The Nicomachean Ethics of Aristotle, translated by Sir David Ross, 3/5
It took several attempts over a span of many months for me to get through this short book, in which Aristotle addresses topics of timeless interest, such as happiness, virtue, and friendship. The difficulty of this book lies, for me, not so much in the complexity of the ideas but in the general lack of reasoning provided to support them. A few moments of profundity are obscured by mundane observations, personal opinions (unsupported by fact) and attempts to force nebulous concepts into various organizational schemes. At first, I felt frustrated and disappointed that the Nicomachean Ethics, similar to Plato’s Phaedo, did not meet my expectations. However, after reading the Wikipedia article and a helpful lecture on the topic, it became clearer to me that this book’s value is more in the framework it provides for discussion and thought than for any definitive claims it makes. To me, it represents just the beginnings of thought on a complicated topic, made more remarkable by its age and practical, community-centered perspective on morality. Though its broader themes are difficult to grasp, it does reward a casual reading with the always-fascinating insight that human nature has not changed over thousands of years, and occasional gems like this:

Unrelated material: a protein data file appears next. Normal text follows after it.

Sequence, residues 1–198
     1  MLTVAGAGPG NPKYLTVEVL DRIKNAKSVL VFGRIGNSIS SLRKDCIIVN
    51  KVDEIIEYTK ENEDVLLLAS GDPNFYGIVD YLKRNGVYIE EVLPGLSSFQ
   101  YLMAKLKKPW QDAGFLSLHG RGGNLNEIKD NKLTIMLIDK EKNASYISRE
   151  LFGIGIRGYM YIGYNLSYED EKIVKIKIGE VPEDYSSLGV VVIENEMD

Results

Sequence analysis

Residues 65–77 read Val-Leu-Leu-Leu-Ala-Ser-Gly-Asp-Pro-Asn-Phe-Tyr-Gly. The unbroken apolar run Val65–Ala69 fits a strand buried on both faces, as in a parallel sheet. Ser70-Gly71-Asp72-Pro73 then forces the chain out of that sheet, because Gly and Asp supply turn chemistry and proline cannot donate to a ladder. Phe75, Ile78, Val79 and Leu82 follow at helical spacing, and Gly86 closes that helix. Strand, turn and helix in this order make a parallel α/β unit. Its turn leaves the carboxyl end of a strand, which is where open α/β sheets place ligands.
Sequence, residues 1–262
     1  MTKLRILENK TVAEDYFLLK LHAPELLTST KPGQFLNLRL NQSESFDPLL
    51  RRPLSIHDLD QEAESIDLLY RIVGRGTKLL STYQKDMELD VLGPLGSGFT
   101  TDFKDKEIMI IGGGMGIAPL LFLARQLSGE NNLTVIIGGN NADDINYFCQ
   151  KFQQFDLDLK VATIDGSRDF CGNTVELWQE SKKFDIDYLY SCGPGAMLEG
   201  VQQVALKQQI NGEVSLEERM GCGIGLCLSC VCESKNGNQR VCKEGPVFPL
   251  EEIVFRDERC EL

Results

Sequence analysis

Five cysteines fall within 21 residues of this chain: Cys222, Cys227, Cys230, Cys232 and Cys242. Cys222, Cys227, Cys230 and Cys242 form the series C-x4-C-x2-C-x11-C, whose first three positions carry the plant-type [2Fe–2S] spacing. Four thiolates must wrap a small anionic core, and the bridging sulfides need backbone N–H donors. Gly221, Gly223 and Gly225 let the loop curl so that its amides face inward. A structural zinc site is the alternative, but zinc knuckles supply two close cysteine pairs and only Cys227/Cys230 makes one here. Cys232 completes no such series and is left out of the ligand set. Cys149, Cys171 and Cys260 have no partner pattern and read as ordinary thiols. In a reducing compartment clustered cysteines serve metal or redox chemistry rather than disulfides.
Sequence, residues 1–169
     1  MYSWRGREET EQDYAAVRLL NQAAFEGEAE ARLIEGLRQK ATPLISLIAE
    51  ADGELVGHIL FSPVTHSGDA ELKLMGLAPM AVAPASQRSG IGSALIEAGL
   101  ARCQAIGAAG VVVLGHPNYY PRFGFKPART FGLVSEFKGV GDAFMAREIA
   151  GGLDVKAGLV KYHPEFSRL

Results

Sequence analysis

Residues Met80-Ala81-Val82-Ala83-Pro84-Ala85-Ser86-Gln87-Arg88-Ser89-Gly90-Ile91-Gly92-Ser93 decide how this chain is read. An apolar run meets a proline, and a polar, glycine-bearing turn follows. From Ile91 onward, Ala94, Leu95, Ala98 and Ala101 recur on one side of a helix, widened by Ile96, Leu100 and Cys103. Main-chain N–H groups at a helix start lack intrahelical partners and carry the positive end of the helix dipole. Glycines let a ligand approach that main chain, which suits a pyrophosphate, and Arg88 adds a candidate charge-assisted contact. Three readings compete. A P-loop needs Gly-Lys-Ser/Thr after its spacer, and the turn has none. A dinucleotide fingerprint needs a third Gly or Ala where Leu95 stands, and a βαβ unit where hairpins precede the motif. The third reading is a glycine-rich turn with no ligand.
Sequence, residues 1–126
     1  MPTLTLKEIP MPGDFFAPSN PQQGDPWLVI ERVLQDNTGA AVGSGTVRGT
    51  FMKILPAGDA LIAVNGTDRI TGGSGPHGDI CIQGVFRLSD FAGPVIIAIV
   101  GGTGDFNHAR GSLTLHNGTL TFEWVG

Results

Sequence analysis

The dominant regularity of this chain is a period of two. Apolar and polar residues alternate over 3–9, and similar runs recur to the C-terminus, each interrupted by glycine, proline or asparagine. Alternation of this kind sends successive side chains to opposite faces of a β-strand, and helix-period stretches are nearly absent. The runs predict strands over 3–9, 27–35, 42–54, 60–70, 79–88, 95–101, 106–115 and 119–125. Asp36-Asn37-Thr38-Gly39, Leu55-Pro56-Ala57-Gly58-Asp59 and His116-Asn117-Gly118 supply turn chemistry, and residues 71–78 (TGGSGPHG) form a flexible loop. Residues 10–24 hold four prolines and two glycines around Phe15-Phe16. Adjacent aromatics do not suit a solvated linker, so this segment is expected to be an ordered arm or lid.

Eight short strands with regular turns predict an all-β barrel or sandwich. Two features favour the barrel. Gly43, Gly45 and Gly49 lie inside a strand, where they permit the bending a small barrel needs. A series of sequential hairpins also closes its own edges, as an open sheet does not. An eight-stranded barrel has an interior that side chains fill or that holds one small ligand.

But we must not follow those who advise us, being men, to think of human things, and, being mortal, of mortal things, but must, so far as we can, make ourselves immortal, and strain every nerve to live in accordance with the best thing in us; for even if it be small in bulk, much more does it in power and worth surpass everything (265).
Why I read it: C.S. Lewis referenced it in The Abolition of Man so I recognized the title while book shopping in Wales.
At its best, this fifth-century B.C. account of cultures and conflicts in the areas surrounding the Mediterranean tells epically ferocious tales of questionable veracity. At its worst, it reads like the dryer, more tedious parts of 20,000 Leagues Under the Sea (just substitute Greeks and Persians for fish and seaweed).
[Why I read it: Found it in the thrift store and it seemed like a good tool with which to combat my [gradually lessening] ignorance of Classical literature.]